Bowie’s first long-player was released when he was still a teenager. The self-titled 1967 debut is enchanting and often strange with its whimsical observations of suburban English eccentrics. Recent and forthcoming releases of subsequent home recordings fill a vital gap between this and his 1969 album also titled David Bowie, later released as Space Oddity in 1972. Mother Grey from Spying Through A Keyhole with its Ziggy-ish riff is a move towards a rockier style but for the most part, the songs are suggestive of the planned but never released follow up to his 1967 self-titled debut. Farthingale witnessed the development of songs that began to sound “uniquely his”. “By this time you are hearing Love All Around, Let Me Sleep Beside You, Lover To The Dawn and In The Heat Of The Morning. He would bring these songs out and work on them, you can hear his voice is changing, he is honing his craft. With previous work such as Come And Buy My Toys or on Angel Angel Grubby Face he’s younger and more childish.”

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Despite no album release Bowie was consistently writing and recording rough demos at the home he shared with Farthingale and others in South Kensington. “David and I did not mix very much as we had our own things to do”, says Farthingale. “It was a friendly household with a fashion designer, two models, a writer and a trainee radio presenter... but we weren't very rewarding housemates. David was never one for parties, or clubbing, he would rather be at home, with me or a friend, chatting and coaxing some little song into life.”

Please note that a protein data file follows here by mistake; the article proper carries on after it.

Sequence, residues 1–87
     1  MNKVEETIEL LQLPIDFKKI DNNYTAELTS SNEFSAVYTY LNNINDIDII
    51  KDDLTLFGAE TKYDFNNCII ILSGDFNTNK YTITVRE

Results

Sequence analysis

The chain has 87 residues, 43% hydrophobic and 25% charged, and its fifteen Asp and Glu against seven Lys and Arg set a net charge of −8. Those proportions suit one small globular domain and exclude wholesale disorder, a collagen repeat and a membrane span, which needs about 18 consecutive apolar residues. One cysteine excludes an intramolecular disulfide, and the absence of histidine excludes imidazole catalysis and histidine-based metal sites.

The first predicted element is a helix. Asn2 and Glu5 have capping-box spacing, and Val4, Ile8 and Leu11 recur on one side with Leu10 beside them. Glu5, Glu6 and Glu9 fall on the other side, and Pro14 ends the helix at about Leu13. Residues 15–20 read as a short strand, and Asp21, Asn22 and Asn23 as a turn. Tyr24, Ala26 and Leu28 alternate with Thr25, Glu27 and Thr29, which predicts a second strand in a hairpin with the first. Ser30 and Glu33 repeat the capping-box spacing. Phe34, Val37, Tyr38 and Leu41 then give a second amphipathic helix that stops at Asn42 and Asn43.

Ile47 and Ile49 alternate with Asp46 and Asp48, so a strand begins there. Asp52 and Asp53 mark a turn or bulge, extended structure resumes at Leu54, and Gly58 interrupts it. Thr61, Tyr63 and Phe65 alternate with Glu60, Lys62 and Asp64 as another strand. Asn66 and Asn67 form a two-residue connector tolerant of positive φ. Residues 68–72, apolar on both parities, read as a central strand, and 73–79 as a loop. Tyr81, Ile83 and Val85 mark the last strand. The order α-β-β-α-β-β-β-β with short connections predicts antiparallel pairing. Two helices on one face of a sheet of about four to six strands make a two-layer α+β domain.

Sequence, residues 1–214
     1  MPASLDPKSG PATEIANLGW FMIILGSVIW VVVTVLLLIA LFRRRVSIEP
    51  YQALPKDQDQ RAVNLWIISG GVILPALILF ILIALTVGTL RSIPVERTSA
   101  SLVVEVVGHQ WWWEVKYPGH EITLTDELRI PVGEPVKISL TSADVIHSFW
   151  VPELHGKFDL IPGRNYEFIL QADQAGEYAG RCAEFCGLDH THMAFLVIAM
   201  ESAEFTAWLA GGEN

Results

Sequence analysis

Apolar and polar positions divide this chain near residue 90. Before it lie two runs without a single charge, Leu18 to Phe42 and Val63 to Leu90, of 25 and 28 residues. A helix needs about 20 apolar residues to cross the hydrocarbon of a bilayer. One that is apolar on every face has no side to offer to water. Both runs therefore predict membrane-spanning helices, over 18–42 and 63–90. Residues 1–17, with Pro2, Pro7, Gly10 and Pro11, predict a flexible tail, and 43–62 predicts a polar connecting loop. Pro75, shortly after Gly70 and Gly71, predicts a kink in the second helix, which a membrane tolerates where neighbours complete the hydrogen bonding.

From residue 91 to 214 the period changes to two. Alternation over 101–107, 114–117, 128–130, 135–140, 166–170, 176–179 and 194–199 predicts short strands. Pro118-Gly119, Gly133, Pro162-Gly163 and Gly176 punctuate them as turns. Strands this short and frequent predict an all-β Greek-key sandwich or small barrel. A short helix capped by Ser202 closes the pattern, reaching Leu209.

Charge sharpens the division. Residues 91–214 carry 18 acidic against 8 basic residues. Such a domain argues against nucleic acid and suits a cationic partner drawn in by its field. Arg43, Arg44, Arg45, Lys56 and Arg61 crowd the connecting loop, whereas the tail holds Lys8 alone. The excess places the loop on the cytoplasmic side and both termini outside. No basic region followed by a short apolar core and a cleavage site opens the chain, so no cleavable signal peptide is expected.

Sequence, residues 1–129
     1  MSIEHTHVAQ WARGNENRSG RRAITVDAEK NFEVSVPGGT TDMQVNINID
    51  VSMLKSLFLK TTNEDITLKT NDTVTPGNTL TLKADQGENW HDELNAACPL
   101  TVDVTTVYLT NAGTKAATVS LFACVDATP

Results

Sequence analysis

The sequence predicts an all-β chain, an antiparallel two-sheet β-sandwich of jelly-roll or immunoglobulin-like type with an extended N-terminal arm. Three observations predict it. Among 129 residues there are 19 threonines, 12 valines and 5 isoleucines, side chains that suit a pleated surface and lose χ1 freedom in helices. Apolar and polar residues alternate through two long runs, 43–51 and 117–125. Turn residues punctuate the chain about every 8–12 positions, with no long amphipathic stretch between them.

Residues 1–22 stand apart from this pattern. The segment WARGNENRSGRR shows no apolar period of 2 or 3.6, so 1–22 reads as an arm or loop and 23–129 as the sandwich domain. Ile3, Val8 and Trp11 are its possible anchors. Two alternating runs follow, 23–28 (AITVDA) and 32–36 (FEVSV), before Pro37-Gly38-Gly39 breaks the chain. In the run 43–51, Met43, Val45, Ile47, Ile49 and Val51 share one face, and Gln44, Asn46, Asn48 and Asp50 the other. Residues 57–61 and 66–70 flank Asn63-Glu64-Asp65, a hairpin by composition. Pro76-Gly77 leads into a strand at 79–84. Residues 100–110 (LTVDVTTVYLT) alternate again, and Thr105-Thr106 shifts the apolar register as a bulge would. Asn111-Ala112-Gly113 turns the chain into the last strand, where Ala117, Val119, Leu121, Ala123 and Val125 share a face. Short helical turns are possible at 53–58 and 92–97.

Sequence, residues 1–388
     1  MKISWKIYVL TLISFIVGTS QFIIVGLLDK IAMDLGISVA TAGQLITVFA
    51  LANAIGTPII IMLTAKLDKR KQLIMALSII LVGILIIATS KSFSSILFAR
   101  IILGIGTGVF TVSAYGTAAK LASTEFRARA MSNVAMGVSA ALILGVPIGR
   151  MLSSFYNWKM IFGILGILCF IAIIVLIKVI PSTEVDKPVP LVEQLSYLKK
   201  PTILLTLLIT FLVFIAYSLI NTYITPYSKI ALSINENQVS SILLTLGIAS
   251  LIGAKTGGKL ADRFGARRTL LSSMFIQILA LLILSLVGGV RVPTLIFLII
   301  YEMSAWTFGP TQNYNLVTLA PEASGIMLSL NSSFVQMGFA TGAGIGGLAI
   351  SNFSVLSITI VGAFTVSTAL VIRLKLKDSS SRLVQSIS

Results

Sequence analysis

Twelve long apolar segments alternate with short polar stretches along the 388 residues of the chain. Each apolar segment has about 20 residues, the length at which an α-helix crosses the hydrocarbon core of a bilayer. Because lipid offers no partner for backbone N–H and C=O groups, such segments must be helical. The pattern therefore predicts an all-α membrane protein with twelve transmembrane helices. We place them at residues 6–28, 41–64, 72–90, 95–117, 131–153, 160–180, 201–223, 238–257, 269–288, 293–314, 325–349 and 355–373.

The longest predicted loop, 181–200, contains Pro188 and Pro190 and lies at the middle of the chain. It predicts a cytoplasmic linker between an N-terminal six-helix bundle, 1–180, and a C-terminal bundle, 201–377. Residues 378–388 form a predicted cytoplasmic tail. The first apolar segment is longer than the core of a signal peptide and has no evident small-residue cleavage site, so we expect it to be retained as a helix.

After the final months of their relationship, which ended when Farthingale started work on the musical film Song of Norway as a dancer, Bowie continued to work with Hutchinson. While Farthingale has cast doubt over the suggestion by others that Space Oddity and Life On Mars were to some extent about her, songs such as An Occasional Dream and Letter To Hermione, both included on The Mercury Demos, the latter as I’m Not Quite, is Bowie processing the end of their relationship.

It also features two covers, Life Is A Circus by obscure vocal-harmony folk act Djin and Love Song by Lesley Duncan, recorded two years later by Elton John for Tumbleweed Connection. The recordings prove to be a fascinating document that reveal the musical chemistry between Bowie and Hutch. “I’m surprised by the sound quality, the recordings have been cleaned up at Abbey Road. All these arrangement ideas I was finger-picking while David would play 12 string riffs. Later, I imagine they were played by his band or an orchestra. It wasn’t just a jangly folk thing, it shows he had these ideas early on”.

“I think Hutch is a bit of an unsung hero” adds Farthingale today. "They really were very good together musically.” The duo was to be short-lived with Hutch returning to Scarborough in search of a working wage but the demo would play a significant role in landing his friend a record deal with Mercury. In the meantime, Bowie recruited drummer John Cambridge for his second album. Cambridge, known for his jocular and affable nature, would provide an essential link inviting eventual Spider for Mars and Ziggy side-man, guitarist and arranger Mick Ronson to join with Bowie to record his 1970 album The Man Who Sold The World.